On top of this layer of regulation, adaxial and abaxial fates are each determined by specific genes. A reduction in expression of genes required for either adaxial or abaxial fate results in development of leaves that comprise only the opposite fate. Furthermore these leaves are radial. Together such observations have led to a fundamental tenet of leaf development, whereby adjacent adaxial and abaxial tissue types are essential to development of an adaxial-abaxial axis and hence to formation of a flattened leaf.


Figure 7.16 Leaf adaxial-abaxial fate. (a) Cross section through the mid-vein region of an Arabidopsis leaf. Tissues of the leaf including vasculature show distinct adaxial (upper surface) and abaxial (lower) differences. (b) Diagram showing adaxial and abaxial gene interactions. Solid lines indicate direct repression, dashed lines indicate indirect repression.

Key genetic determinants of adaxial fate include class III HD-ZIP transcription factors (Figure 7.16b). These proteins have a homeodomain, which is involved in binding DNA, a leucine zipper domain, which is involved in protein-protein interaction, and a sterol-binding domain that is predicted to bind small lipid molecules. In Arabidopsis, there are five genes encoding class III HD-ZIP transcription factors. Three of these genes, PHABULOSA (PHB), PHAVOLUTA (PHV) and REVOLUTA (REV), have a significant role in leaf development. Transcripts of all three genes are confined to the adaxial domain through transcriptional and post-transcriptional repression in the abaxial domain. For example, PHB, PHV and REV transcripts are all targets of the microRNAs miR165 and miR166, which are expressed on the abaxial side of the leaf. In mutants with reduced class III HD-ZIP activity adaxial fate diminishes. Conversely, gain of class III HD-ZIP expression in the abaxial domain results in conversion of the abaxial side of the leaf to adaxial fate.

Two other transcription factors, ASYMMETRIC LEAVES1 (AS1) and ASYMMETRIC LEAVES2 (AS2), form heterodimers and promote adaxial fate, in part through repression of miR165/166. Abaxial fate is promoted by additional factors, including KANADI (KAN) proteins, which are part of a plant-specific group of transcription factors. In Arabidopsis, four KAN genes have overlapping roles in leaf development. KANADI proteins are expressed on the abaxial side of the leaf and are necessary and sufficient for specifying the abaxial fate. It is also known that KAN1 directly represses AS2. Other abaxial factors are AUXIN RESPONSE FACTOR (ARF) proteins, which bind to promoter sequence elements in auxin responsive genes and regulate plant response to auxin. The two ARF genes, ARF3 and ARF4, are repressed on the adaxial side to the leaf by a set of small RNAs known as tasiR-ARF. The AS1-AS2 module directly represses ARF3. Thus the emerging picture is that repressive interactions between adaxial and abaxial genes helps to set up the adaxial-abaxial axis of the developing leaf (Figure 7.16).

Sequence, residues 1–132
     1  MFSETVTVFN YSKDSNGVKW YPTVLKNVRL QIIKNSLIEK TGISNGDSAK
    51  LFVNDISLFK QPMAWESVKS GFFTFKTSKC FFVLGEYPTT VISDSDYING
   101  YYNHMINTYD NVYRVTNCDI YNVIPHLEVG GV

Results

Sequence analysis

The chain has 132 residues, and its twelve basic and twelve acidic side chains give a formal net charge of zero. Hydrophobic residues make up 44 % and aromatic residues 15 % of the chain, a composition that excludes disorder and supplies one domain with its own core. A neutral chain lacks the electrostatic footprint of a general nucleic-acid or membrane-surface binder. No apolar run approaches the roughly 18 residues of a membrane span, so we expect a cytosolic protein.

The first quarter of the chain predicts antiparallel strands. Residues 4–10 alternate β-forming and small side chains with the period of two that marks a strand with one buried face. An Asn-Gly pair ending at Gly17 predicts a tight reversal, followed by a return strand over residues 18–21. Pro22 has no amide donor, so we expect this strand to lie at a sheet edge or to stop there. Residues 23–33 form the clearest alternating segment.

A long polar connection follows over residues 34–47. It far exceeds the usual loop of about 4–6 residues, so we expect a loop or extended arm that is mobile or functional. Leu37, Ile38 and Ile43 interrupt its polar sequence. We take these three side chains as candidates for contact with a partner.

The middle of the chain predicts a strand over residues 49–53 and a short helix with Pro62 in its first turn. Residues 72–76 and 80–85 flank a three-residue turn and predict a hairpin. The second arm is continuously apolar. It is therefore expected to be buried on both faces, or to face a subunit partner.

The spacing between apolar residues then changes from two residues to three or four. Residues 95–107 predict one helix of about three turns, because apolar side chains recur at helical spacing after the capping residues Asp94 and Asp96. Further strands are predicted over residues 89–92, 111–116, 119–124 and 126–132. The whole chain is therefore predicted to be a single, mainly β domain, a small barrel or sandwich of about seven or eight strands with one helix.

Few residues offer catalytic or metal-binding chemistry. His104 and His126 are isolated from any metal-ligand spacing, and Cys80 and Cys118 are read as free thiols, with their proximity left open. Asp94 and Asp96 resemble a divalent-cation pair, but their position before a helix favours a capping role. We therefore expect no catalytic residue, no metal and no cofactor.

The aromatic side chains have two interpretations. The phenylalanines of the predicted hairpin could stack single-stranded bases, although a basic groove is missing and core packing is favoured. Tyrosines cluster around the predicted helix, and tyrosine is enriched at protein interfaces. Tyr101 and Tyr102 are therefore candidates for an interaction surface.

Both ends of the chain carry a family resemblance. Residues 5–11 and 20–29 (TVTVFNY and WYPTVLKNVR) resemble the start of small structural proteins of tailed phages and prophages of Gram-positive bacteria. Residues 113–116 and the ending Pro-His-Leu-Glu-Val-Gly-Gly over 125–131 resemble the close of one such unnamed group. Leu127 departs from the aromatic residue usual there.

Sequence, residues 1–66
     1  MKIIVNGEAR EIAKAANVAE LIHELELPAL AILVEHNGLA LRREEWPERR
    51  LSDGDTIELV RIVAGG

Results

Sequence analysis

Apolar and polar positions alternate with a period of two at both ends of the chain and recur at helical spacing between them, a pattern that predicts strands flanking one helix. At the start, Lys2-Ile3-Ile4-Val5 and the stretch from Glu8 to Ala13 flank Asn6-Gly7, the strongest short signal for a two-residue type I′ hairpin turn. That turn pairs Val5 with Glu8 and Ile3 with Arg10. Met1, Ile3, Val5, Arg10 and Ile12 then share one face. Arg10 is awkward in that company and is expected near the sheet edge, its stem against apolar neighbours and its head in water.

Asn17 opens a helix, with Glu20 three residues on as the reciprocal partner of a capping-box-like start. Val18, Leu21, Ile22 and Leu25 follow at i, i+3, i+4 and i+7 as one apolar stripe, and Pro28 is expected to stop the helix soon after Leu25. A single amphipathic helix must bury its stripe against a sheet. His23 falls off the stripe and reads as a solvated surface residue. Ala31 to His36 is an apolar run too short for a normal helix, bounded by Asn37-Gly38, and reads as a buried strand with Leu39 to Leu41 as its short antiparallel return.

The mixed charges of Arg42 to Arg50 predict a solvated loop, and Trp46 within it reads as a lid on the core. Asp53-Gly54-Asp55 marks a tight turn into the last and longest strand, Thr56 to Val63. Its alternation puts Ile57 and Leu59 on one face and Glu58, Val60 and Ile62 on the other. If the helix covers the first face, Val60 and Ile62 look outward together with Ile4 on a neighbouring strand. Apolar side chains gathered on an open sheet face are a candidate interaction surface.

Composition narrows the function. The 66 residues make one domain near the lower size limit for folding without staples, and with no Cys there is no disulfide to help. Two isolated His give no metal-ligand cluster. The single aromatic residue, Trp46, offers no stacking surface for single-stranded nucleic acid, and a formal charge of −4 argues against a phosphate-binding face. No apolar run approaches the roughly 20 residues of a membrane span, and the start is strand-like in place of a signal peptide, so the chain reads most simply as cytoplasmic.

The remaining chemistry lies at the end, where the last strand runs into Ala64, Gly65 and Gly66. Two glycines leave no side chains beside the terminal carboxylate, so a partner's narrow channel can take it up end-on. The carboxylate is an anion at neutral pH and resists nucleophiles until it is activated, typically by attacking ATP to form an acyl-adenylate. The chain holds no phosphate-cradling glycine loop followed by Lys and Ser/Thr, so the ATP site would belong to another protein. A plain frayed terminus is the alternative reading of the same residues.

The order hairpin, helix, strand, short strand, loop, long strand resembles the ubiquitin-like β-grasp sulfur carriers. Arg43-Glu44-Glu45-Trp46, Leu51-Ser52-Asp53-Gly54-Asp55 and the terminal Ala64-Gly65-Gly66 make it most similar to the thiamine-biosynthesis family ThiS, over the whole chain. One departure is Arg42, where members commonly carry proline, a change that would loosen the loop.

Mediolateral axis

The mediolateral axis of leaves extends from the margin to the mid-region of the leaf, which is characterised by the presence of the main vein or midrib. Most leaves are bilaterally symmetrical and the two halves of the leaf, from margin to midrib, form mirror images. Leaf width is determined by the degree of lateral expansion along this axis. However, the relationship between the leaf margin and the midrib depends on cell recruitment from the shoot meristem during the process of initiation. Leaves of dicots initiate from a limited region of the shoot meristem so that the margins arise from cells close to the mid-region and lateral expansion of the leaf occurs post-initiation. On the other hand, leaves of monocots such as grasses, recruit cells from around the entire circumference of the shoot meristem. In this case, the leaf margins are derived from cells that are distant from the mid-region and consequently this early lateral expansion results in the leaf primordium wrapping around the entire shoot meristem.